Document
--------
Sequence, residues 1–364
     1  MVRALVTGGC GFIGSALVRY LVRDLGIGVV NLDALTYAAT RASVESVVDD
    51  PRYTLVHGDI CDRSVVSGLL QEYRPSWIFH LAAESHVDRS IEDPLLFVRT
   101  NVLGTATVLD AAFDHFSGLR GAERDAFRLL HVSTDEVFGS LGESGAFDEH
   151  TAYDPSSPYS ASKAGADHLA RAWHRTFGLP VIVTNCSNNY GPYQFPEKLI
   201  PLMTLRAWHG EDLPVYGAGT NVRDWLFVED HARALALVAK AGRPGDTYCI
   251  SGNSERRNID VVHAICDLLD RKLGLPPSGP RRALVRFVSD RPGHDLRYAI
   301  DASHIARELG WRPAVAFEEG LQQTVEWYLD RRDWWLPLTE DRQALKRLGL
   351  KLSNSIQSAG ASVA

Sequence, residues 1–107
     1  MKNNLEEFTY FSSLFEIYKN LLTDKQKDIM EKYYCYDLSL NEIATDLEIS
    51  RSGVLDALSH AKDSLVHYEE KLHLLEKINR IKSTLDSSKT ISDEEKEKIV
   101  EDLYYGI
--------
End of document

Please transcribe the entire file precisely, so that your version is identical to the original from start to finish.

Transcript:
Sequence, residues 1–364
     1  MVRALVTGGC GFIGSALVRY LVRDLGIGVV NLDALTYAAT RASVESVVDD
    51  PRYTLVHGDI CDRSVVSGLL QEYRPSWIFH LAAESHVDRS IEDPLLFVRT
   101  NVLGTATVLD AAFDHFSGLR GAERDAFRLL HVSTDEVFGS LGESGAFDEH
   151  TAYDPSSPYS ASKAGADHLA RAWHRTFGLP VIVTNCSNNY GPYQFPEKLI
   201  PLMTLRAWHG EDLPVYGAGT NVRDWLFVED HARALALVAK AGRPGDTYCI
   251  SGNSERRNID VVHAICDLLD RKLGLPPSGP RRALVRFVSD RPGHDLRYAI
   301  DASHIARELG WRPAVAFEEG LQQTVEWYLD RRDWWLPLTE DRQALKRLGL
   351  KLSNSIQSAG ASVA

Sequence, residues 1–107
     1  MKNNLEEFTY FSSLFEIYKN LLTDKQKDIM EKYYCYDLSL NEIATDLEIS
    51  RSGVLDALSH AKDSLVHYEE KLHLLEKINR IKSTLDSSKT ISDEEKEKIV
   101  EDLYYGI